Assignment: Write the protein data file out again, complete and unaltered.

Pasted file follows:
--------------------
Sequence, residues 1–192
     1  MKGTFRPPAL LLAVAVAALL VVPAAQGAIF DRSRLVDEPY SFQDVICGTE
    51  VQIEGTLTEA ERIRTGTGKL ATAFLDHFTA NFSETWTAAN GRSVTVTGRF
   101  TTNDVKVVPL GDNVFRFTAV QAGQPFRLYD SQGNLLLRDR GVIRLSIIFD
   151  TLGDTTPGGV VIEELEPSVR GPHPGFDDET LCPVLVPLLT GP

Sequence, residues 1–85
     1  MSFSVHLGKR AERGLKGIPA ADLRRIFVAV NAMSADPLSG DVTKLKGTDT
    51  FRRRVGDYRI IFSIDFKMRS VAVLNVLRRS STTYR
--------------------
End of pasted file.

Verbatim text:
Sequence, residues 1–192
     1  MKGTFRPPAL LLAVAVAALL VVPAAQGAIF DRSRLVDEPY SFQDVICGTE
    51  VQIEGTLTEA ERIRTGTGKL ATAFLDHFTA NFSETWTAAN GRSVTVTGRF
   101  TTNDVKVVPL GDNVFRFTAV QAGQPFRLYD SQGNLLLRDR GVIRLSIIFD
   151  TLGDTTPGGV VIEELEPSVR GPHPGFDDET LCPVLVPLLT GP

Sequence, residues 1–85
     1  MSFSVHLGKR AERGLKGIPA ADLRRIFVAV NAMSADPLSG DVTKLKGTDT
    51  FRRRVGDYRI IFSIDFKMRS VAVLNVLRRS STTYR